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Thursday, 31 August, 2000, 20:01 GMT 21:01 UK
Scotland sets pace for change
There would be six terms in the proposed school year
By BBC Education Correspondent Mike Baker

The proposed six term school year borrows heavily from the Scottish model where schools operate a calendar which is up to a month ahead of their counterparts in England.

Scottish schools have already been back for three to four weeks by the time term begins in England in September.

This earlier start means the exam season is also earlier with Standard and Higher Grade examinations finishing by early June. From early July, pupils are off on their summer break, taking advantage of the longest days of the year.

Mike Baker
Mike Baker says the current summer holiday owes its origin to needing children to help with the harvest
By contrast the main summer holiday month in England - August - is a left-over of the farmers' demand for child labour during the annual harvest.

So families braving the English seaside in the final week of August can blame the persistence of 19th century tradition for their suffering.

The Bettison family, living in Berwick on Tweed, just on the English side of the border, are enthusiastic about the proposed new six term year.

They are well placed to compare the current English school year with its Scottish equivalent as one son, Adam, attends a Scottish school while the other, Carl, is educated in England.


Adam has just started at Eyemouth High School, in Scotland, and has been back at school for a fortnight already. Carl is at primary school in Berwick and is still enjoying his holidays.

Adam suffers from hayfever so he sees great benefits in a school system where the examinations take place before the pollen count reaches its peak. The six term year idea, with exams in April to May, would help him and some 1.8 million other hay fever sufferers.

His friend, Natalie McGovern, also travels from Berwick across the border to Eyemouth School. Although its frustrating now while she is at school and her English friends are still on holiday, she prefers the earlier start and the earlier summer break.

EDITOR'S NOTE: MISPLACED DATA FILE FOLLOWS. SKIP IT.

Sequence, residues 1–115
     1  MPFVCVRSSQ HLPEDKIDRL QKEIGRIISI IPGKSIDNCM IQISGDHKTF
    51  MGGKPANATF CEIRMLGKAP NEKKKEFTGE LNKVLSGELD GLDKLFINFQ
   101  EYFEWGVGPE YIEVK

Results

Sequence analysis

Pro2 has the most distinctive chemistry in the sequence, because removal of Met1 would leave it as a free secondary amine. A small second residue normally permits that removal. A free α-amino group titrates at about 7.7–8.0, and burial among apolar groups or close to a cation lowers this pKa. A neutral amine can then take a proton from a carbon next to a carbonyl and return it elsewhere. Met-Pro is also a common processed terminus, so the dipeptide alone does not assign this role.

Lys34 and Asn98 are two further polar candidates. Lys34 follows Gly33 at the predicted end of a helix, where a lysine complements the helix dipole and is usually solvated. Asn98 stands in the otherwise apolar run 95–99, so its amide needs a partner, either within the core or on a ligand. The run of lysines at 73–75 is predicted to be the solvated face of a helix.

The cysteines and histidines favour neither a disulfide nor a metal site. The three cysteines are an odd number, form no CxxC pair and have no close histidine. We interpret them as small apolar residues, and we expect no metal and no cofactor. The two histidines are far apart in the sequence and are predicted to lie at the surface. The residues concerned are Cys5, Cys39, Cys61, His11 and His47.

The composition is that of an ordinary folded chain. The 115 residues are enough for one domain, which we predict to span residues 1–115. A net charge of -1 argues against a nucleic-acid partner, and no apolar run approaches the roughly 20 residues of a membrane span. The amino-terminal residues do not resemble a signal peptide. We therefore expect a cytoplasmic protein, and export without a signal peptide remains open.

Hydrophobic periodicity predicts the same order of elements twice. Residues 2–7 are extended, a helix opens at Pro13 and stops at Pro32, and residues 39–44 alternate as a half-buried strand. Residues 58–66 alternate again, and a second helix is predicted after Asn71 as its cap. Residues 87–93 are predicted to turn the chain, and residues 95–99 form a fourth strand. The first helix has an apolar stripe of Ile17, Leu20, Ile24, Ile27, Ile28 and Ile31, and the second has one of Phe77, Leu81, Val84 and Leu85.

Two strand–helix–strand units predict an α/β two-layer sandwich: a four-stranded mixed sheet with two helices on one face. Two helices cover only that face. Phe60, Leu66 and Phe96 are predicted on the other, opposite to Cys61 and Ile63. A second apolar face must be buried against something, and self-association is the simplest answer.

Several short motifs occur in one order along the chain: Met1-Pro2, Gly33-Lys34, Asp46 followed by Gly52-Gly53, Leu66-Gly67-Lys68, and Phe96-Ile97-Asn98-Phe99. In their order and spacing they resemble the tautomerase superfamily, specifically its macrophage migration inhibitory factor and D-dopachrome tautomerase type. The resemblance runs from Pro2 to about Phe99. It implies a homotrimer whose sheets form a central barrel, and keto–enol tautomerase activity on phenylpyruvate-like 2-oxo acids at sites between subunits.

"I think July is better than August for holiday", she says, "as in August it is starting to get colder whereas in July its hot and I don't want to be cooped up in school when its really hot".

Natalie and Adam's head teacher at Eyemouth is Neil Morrison. Not surprisingly, he thinks English schools are right to adopt aspects of the Scottish school calendar. In particular he favours the earlier examination dates and the earlier summer break.

Two-week half term

However Scotland might take something from the LGA's proposal for a longer break in October. The Autumn term in Scotland, as in England, is currently very long.

Mr Morrison thinks the notion of shorter, more equal terms has educational advantages. He says "there's no doubt in my mind, after 30 years in teaching, that with very long terms children, and teachers too, get mentally tired by the end of term".

According to Mr Morrison, there is already discussion in Scotland about making the October half-term a two week break, as recommended in the six term model.

Scotland also offers a model for the Easter holidays. In the Borders the school holidays are not tied to the Easter religious festival. This year, for example, the school returned from its holidays the week before Good Friday.

Mr Morrison thinks breaking the link between the Easter weekend and the school holidays is a mixed blessing.

While it does make it easier to even out the length of the Spring and Summer terms, he says it is a bit awkward returning from the holidays for a few days and then having to take a long weekend off for Easter.

However, one group who may not favour English school holidays moving to July are those who make a living from tourism in the north of England.

At present they accommodate the Scots in July and the English in August, thus extending the peak tourism season. They may not welcome all their punters arriving at the same time.

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See also:

31 Aug 00 | Education
Six-term year proposed
03 Jan 00 | Education
Inquiry to consider five-term year
22 May 00 | Education
A-level timing is 'unfair'
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